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An employee works at a factory of Xinjiang Fuli Zhenlun Cotton Textile Co., Ltd
The US House approved a bill to ban goods made using forced labor in Xinjiang from entering the USImage: Que Hure/VCG/dpapicture alliance/dpa

US House votes to ban imports from China's Xinjiang region

December 9, 2021

The US House of Representatives passed legislation that would ban imports from China's Xinjiang region unless corporations can provide "clear and convincing evidence" that the products were not made using forced labor.


The US House of Representatives Wednesday voted 428-1 to ban imports from the Xinjiang region of China where authorities have been accused of running forced labor and concentration camps as well as committing acts of genocide against the Uyghur Muslim minority. 

The "Uyghur Forced Labor Prevention Act" would ban imports from Xinjiang unless the US government can determine the products in were not made with forced labor.

China denies rights abuses are taking place and instead insists Uyghurs have been relocated to re-education camps.

What does the bill say?

The bill creates a "rebuttable presumption" that all goods produced in Xinjiang were made using forced labor.

Corporations must be able to offer "clear and convincing evidence" that products from Xinjiang did not use forced labor during production.

Amnesty: China committing 'crimes against humanity'

Additionally, the bill calls for sanctions to be imposed on foreign entities and individuals who "knowingly" helped facilitate the use of Uyghur forced labor.

However, it is notoriously difficult for foreign entities to verify the conditions of production facilities in China.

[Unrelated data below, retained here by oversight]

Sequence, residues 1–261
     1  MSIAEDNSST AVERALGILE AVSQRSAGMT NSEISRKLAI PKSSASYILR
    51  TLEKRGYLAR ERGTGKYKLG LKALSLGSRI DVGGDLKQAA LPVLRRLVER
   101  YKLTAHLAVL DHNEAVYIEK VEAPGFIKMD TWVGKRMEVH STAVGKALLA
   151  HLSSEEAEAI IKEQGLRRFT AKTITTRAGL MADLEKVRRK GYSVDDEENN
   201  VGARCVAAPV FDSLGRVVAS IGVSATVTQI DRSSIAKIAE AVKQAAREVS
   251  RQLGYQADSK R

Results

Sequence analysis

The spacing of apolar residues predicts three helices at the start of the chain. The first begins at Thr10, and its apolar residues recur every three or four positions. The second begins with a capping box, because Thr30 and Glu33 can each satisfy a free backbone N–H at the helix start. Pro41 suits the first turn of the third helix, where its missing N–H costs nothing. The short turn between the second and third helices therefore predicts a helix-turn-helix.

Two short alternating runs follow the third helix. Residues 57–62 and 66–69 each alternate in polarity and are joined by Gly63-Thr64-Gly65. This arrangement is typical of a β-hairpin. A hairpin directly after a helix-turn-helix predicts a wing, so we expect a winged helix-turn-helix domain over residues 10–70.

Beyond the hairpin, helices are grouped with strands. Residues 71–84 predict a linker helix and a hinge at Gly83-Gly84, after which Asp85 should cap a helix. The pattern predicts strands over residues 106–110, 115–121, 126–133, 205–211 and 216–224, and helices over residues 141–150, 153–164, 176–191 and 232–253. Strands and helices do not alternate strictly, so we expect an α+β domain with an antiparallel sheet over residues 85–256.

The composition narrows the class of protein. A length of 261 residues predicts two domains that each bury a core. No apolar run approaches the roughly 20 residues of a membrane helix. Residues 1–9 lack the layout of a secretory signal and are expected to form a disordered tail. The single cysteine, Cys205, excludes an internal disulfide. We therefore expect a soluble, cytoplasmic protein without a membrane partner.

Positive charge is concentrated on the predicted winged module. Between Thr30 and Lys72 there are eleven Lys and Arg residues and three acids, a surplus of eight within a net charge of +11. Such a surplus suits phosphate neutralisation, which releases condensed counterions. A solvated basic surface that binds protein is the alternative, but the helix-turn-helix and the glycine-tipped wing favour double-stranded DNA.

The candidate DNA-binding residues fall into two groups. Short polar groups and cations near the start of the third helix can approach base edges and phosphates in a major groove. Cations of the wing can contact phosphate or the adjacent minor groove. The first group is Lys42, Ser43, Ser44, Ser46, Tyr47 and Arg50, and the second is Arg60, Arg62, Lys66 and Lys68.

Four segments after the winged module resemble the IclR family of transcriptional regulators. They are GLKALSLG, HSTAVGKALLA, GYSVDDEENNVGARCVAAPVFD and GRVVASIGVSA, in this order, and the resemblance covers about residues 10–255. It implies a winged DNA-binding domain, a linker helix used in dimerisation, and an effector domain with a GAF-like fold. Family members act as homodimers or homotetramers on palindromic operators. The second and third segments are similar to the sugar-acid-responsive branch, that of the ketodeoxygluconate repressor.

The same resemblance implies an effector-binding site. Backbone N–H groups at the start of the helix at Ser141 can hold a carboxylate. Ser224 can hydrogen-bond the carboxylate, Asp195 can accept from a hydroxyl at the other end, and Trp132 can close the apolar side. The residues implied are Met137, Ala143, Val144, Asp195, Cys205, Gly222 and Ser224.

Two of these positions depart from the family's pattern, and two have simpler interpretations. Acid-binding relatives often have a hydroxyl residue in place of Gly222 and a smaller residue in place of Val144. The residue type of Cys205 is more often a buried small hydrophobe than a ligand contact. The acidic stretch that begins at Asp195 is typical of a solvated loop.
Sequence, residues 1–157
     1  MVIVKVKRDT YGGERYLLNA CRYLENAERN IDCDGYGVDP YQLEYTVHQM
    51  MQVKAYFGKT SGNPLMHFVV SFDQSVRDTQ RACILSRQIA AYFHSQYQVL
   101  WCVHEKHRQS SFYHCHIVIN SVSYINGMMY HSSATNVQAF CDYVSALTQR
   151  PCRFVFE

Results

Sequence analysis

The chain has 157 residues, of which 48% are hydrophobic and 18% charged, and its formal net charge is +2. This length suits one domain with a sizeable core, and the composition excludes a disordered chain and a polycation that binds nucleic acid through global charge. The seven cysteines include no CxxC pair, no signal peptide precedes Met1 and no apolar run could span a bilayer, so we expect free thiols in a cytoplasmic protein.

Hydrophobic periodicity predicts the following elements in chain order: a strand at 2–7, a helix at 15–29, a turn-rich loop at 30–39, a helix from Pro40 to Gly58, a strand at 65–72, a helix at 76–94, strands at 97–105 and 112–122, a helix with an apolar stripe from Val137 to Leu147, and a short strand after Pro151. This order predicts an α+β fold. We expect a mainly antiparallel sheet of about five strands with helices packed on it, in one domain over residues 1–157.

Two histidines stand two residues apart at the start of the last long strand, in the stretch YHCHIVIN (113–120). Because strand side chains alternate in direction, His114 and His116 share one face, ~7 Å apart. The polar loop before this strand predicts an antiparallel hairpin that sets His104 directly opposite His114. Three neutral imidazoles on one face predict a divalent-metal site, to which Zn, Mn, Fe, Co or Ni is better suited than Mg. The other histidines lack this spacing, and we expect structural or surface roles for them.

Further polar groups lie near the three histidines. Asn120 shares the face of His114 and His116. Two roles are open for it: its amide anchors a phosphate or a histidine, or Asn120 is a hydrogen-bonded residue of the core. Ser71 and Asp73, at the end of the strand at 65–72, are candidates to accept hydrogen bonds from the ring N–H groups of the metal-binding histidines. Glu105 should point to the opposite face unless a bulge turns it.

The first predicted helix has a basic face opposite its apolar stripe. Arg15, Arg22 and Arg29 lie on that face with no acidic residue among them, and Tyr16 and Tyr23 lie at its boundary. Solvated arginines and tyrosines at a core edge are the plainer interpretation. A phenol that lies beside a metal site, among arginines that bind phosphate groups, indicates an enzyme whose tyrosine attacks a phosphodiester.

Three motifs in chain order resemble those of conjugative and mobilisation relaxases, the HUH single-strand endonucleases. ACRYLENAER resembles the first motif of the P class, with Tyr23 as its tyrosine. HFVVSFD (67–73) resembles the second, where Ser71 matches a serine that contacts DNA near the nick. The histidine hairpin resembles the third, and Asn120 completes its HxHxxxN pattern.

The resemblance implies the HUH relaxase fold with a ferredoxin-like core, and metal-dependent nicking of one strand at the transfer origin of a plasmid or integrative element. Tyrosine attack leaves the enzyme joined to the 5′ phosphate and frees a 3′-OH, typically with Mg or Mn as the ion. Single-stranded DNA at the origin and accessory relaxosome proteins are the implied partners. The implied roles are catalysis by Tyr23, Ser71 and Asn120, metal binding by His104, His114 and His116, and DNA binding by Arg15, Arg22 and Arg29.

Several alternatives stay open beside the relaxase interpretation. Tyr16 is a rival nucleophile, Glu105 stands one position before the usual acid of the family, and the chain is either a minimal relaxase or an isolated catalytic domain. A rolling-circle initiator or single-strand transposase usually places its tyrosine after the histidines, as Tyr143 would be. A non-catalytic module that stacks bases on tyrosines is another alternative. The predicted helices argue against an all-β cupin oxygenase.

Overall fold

Products made in Xinjiang are fully integrated in global supply chains and major corporations including Coca-Cola and Nike have lobbied unsuccessfully to prevent the bill's passage.

The bill must now pass the Senate and be signed by US President Joe Biden for it to take effect. However, it is unclear if it has White House support. 

Furthermore, the US Senate has previously approved a similar measure and the two will now need reconciling.

What is the larger context for US concern?

House Speaker Nancy Pelosi told lawmakers ahead of the vote that Beijing is "orchestrating a brutal and accelerating campaign of repression against the Uyghur people and other Muslim minorities."

Earlier this year, Biden had warned businesses who are involved in Xinjiang run a "high risk" that they could run afoul of US laws on forced labor

The bill and its near-unanimous bipartisan approval come days after the US announced a diplomatic boycott of the Beijing Olympics this winter over human rights concerns in Xinjiang. 

"In Xinjiang, and across China, millions are enduring outrageous human rights abuses: from mass surveillance and disciplinary policing; to mass torture including solitary confinement and forced sterilizations; intimidation of journalists and activists who is have dared to expose the truth," Pelosi said. 

The US House also passed a resolution Wednesday condemning the "ongoing genocide and crimes against humanity" taking place in Xinjiang against the Uyghurs.

Volkswagen's Uighur problem

ar/wmr (AFP, Reuters)

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